Flashback 2017: Spectre of shutdowns continues to haunt VC-backed startups
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Startup failures rarely make headlines. In fact, most startups don't even announce shutting down. But one shutdown this year came as a reality check, pointing to the other end of entrepreneurship—the less-celebrated, dark side that most startup founders fail to foresee.

The shutdown of homestay aggregator Stayzilla, once touted as India's Airbnb and backed by venture capital firms Nexus and Matrix Partners, triggered discussions on the pointless pursuit of discounts-based growth over unit economics and the rat race of valuations.

However, the discussions tapered off soon enough and the Stayzilla fiasco failed to bring sanity in the way startups see growth and valuations, resulting in continued shutdowns.

At least 19 VC-backed startups shut down their operations in 2017, according to a VCCircle analysis. This compares with 32 startups last year and 17 in 2015. To be sure, the actual number of shutdowns could be far higher as most startups and entrepreneurs never make their failures public and simply move on to either new ventures or join established companies.

Apart from many startup demises, a number of large corporate houses and unicorns also took drastic measures this year to cut down losses on their Internet business ventures.

The biggest of such moves came from cement-to-telecom conglomerate Aditya Birla Group, which downed the shutters on its fashion e-tailing venture, Aditya Birla Online Fashion Pvt. Ltd (Abof), as it succumbed to the deep discounting-led model of rivals Flipkart and Amazon.

“Looking at how big and long-term e-commerce businesses continue to struggle and are unlikely to make money for some time, it did not seem logical to continue as if everything is all right in the sector,” said Santrupt Misra, HR director at Aditya Birla Group, said at the time of the announcement.

This is the second e-commerce venture that Aditya Birla Group has shut down. In 2016, it had shut down for similar reasons.

In early 2017, e-commerce firm Snapdeal shut down its zero-commission mobile-based marketplace Shopo. “We realise that it will take some more years for a broader ecosystem to develop around the C2C (customer-to-customer) segment,” Snapdeal said at the time.

Snapdeal’s rival and US-based online retailer Inc. closed down its original India launch vehicle in November after multiple tests, trials and pivots. Amazon announced that it had finally integrated Junglee into through Local Finds, a platform launched in India earlier this year to allow customers to find and sell used and new goods.

Kishore Biyani-led Future Retail Ltd merged its home furnishing brand HomeTown with its online furniture store to sharpen the focus on its core food and apparel retail businesses. The merged entity kept the HomeTown brand name, putting an end to FabFurnish’s existence. The Biyani-led group had acquired in an all-cash deal last year from Germany’s Rocket Internet.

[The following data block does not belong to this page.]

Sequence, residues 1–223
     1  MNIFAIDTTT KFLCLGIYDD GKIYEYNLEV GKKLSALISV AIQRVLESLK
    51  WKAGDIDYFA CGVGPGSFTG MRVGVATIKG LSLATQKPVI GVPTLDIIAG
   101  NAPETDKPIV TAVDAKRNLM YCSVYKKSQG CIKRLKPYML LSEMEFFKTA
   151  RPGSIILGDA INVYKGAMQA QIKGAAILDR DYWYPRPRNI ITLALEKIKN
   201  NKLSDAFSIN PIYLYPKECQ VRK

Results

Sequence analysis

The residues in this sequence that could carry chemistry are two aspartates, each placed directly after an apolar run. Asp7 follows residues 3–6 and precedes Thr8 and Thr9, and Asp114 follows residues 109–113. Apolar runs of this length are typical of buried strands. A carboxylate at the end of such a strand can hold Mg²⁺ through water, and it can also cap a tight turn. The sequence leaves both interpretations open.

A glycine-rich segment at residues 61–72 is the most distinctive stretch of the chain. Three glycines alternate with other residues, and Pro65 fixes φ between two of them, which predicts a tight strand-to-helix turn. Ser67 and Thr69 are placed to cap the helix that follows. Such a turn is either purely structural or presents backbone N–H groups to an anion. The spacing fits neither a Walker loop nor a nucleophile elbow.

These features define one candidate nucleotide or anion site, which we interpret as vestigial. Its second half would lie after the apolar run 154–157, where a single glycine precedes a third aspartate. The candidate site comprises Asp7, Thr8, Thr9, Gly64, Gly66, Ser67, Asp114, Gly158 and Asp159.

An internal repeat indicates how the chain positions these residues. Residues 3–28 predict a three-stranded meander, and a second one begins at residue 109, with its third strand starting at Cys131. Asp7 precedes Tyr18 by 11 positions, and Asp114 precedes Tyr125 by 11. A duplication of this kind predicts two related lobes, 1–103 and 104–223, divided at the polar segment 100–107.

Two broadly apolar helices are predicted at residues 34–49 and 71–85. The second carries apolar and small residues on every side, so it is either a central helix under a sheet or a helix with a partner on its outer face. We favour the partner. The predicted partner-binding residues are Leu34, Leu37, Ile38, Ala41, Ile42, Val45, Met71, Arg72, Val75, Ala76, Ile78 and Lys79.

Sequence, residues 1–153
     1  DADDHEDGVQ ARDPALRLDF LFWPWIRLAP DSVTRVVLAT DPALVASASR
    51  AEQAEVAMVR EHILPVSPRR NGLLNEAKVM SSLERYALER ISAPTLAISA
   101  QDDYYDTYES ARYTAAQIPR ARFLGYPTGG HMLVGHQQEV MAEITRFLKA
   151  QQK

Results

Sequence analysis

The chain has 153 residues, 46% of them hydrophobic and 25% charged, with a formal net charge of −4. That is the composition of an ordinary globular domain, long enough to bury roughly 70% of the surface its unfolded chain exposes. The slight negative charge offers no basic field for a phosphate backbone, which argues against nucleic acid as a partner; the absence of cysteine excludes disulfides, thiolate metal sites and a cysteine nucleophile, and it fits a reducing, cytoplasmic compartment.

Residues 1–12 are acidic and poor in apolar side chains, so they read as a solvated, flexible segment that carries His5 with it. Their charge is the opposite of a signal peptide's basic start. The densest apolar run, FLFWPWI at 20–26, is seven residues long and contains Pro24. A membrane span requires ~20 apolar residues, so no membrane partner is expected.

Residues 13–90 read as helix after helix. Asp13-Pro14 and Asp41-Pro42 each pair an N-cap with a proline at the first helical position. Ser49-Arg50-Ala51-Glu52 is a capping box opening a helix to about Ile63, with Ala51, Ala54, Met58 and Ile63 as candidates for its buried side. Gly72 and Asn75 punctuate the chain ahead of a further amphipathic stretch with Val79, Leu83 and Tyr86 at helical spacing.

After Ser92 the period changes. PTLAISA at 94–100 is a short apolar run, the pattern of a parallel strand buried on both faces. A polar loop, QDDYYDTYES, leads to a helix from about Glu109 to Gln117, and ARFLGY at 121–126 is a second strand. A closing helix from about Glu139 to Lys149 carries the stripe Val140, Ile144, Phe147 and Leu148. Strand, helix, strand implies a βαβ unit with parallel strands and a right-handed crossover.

Noida-based IndiaMART InterMESH Ltd shut down the retail B2B wing of its online business goods marketplace Tolexo due to flagging sales and underperformance following the government’s demonetisation move in November 2016.

Of the 19 startup shutdowns, Eatonomist and Yumist belonged to the dreaded food-tech genre that saw heavy casualties in the past two years. FinoMena, CardBack and Splitkart offered different financial solutions while HotelsAroundYou, RoomsTonite and Stayzilla operated in the hotel booking and homestay space.

While the overall numbers are a respite compared with the previous year, it is still a worrisome trend as investment sentiment remains depressed after the downward spiral that began in early 2016. The total number of private investment deals, including private equity, venture capital and angel/seed investments fell 36% to 1,056 transactions this year, data from VCCEdge, the research platform of News Corp VCCircle, for deals struck till December 18 show.

This is the lowest number of such transactions in the last four years and surpassed the previous big slide in the number of deals in 2009 when deal-making had declined 29% in the aftermath of Lehman Brothers’ collapse in September 2008 and the subsequent global financial crisis.

On the flip side, despite the gush of initial public offerings on the capital markets that created an alternative channel for firms to raise money, the total amount of private investment hit a new high with $24.9 billion worth of transactions being announced this year. This surpassed the previous best recorded in 2015 when startups were a hot commodity and VCs fell over each other to back them, pushing up deal values.

The contrast between the value and volume of deals is explained by a clutch of large transactions in sectors such as e-commerce, banking, telecom tower and real estate that propped up the total value of private investments in the country. Factoring out the outliers, 2017 marked another year when investors tightened their purse strings.

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